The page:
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Even after 30 years, Camacho still 'Macho'

Photo by Luis M. Alvarez

Photo by Luis M. Alvarez

NEW YORK -- It's been nearly three decades since Hector Camacho won his first world title, and almost two decades since he won his last.

For those 10 years in between, he was among the most exciting and controversial figures in boxing. He was a brawler who reinvented himself as a defensive fighter, whose rivalry with Julio Cesar Chavez made just as many headlines as his outsized personality.

He's 47 years old now, reduced to fighting in places like Coconut Creek and Biloxi instead of Las Vegas and New York. The glitzy casinos and glamour of Madison Square Garden have given way to hotel ballrooms and small convention centers, as the man nicknamed "Macho" keeps trying to stave off obscurity the best he can.

"This is something I've done all my life, you know?" Camacho said by phone after a workout for his next fight, against Allan Vester on March 26 in Kjellerup, Denmark. "A couple years back, when I was doing it, I was still enjoying it. The competition, to see myself perform. I know I'm at the age that some people can't do this no more."

Camacho's life and career have taken more turns than a pulp novel, from the gritty streets of Spanish Harlem to the bright lights of the Golden Gloves, from walking between the bars of a jail cell to stepping between the ropes of the ring.

His record stands at 79-5-3, the most recent win coming just last year against Yory Boy Campas, another fighter far past his prime. But scroll down the list of Camacho's opponents and names like Oscar De La Hoya, Felix Trinidad and Ray Leonard are sprinkled among the nobodies and never-weres that hoped to make a name for themselves.

"Hector Camacho is a fantastic boxer, one of the greatest in history," said Vester's promoter and father, Anders Vester. "(Camacho is) the biggest boxing name who has visited Denmark since Mike Tyson in 2001."

Camacho claims he doesn't need the money -- that's not why he's fighting in Europe for the first time, in the co-main event alongside a women's title fight. He simply needs action, and points to guys like George Foreman who had successful comebacks years past their prime.

"He's still very confident," said Camacho's adviser, Steve Tannenbaum. "He's still got a bit of that wild child in him."

Like many fighters who achieved fame and fortune during the 1980s, Camacho became entangled in a web of drug and alcohol abuse -- problems he said are now in the past. Twice his wife filed domestic abuse complaints against him, and she finally filed for divorce several years ago.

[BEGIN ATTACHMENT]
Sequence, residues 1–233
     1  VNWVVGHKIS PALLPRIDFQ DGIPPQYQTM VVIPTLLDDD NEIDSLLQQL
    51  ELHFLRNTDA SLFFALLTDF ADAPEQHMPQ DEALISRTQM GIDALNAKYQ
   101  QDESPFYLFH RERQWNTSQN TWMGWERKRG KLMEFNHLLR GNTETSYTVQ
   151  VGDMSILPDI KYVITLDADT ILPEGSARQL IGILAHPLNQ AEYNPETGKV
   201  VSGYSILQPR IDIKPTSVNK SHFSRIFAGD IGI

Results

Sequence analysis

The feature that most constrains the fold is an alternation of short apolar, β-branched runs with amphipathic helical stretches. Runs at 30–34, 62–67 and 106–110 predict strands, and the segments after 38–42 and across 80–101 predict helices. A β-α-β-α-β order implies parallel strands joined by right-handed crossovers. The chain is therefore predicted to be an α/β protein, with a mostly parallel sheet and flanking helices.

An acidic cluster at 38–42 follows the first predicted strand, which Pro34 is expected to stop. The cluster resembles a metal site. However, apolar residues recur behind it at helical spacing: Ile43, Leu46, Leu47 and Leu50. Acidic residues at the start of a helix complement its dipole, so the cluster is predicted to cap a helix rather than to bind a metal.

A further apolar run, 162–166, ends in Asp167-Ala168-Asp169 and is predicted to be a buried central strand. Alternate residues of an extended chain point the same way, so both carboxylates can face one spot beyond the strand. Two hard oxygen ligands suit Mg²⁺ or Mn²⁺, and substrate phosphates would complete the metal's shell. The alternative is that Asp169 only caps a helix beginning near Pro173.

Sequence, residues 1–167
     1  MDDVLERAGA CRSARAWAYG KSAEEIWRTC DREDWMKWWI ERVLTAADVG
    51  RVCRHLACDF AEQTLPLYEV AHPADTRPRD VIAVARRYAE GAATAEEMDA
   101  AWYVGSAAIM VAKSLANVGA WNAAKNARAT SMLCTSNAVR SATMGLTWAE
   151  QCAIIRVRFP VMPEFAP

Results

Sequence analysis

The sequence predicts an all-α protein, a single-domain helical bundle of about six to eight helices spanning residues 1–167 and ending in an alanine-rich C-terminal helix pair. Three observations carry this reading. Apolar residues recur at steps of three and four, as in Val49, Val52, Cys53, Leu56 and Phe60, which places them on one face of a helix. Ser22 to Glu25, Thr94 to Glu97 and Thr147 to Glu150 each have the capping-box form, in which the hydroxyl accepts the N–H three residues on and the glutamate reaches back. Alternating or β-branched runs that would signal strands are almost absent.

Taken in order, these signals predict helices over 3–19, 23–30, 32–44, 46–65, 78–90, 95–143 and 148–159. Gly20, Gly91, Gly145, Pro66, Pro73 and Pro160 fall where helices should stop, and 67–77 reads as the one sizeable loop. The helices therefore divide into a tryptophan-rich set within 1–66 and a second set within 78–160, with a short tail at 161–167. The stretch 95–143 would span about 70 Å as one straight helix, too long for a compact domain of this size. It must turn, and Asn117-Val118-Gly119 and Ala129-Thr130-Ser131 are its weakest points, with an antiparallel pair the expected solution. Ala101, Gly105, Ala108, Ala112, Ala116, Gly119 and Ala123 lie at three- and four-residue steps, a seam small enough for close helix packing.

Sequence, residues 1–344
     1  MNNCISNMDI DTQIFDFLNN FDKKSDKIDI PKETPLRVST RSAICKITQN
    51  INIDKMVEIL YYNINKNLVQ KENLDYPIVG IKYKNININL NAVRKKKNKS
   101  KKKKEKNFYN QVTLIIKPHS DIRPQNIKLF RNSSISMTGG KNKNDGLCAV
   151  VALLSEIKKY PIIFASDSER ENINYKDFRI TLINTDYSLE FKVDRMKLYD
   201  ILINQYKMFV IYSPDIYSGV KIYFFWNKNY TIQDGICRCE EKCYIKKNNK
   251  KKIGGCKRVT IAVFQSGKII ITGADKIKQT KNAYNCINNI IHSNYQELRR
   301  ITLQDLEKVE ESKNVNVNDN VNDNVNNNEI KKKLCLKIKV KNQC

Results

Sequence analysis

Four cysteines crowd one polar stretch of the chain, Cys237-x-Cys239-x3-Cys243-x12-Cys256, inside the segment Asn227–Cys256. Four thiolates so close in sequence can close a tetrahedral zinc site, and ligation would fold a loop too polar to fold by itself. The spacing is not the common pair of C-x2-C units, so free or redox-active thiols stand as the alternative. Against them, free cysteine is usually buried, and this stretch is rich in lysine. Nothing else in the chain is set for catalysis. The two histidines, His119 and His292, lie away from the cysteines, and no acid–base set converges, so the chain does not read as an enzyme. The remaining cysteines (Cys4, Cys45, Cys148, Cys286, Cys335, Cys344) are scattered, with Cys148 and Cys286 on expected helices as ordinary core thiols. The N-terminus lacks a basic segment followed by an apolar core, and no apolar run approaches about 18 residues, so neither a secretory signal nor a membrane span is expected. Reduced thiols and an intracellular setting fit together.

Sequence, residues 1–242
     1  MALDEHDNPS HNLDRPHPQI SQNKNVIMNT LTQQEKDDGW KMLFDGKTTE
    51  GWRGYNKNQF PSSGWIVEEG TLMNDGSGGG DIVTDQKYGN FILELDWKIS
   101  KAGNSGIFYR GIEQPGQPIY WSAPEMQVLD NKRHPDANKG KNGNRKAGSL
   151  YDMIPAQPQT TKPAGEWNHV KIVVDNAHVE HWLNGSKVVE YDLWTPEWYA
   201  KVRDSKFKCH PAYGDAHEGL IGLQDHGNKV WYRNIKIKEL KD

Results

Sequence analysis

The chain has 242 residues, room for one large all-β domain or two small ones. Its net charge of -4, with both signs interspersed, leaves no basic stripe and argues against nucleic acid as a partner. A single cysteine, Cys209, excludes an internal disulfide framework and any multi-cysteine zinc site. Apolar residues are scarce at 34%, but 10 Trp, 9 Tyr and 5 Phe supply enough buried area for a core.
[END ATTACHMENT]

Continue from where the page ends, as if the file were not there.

More recently, Camacho was sentenced to the maximum seven years in prison for a burglary charge in Mississippi. A judge suspended most of the sentence and gave him probation, which Camacho said he violated about three months ago. After a two-week stint in jail, Camacho was back in the gym and getting ready for his next fight.

"When I came out, I've been training every day for four, five months it's been," he said. "And now I'm ready to take on someone like Allan Vester, you know?"

Camacho became reviled during his career for his showboating style, making the long walk to the ring in everything from diapers to leotards to loincloths.

He promised that hasn't changed.

"I'll give them satisfaction," Camacho said. "I never fought in Denmark, I never fought in Germany. Those people want to see me, they want to see the Macho Man."

While he claims to want to fight at least five or six times over the next year, Camacho is also realistic. He admits that losing in Denmark would likely be the end, and he might turn his attention fully to promoting or training young fighters.

He's worked for years with his son, Hector Camacho Jr., who turned 31 not long ago. The two once appeared on the same undercard in Tucson, Ariz., and they have even fought a common opponent.

"They're the best things I put in the world," Camacho said of his kids. "I want them to be proud of me, which they are. I just want to do this and do it well."

Although he never quite reached the same stratosphere of contemporaries such as Roberto Duran, Camacho could sell tickets. He brought a certain exuberance to boxing that never diminished, one of the reasons he was continually featured on high-profile undercards.

Even if those days are long past, that boyish enthusiasm hasn't dimmed entirely.

"This is what I do best," he said. "I can probably come back and promote fights. I'd like to go to Hollywood, do movies, entertainment. But this is what I've done all my life, so I'm just going to ride it out. I'm going to ride it out."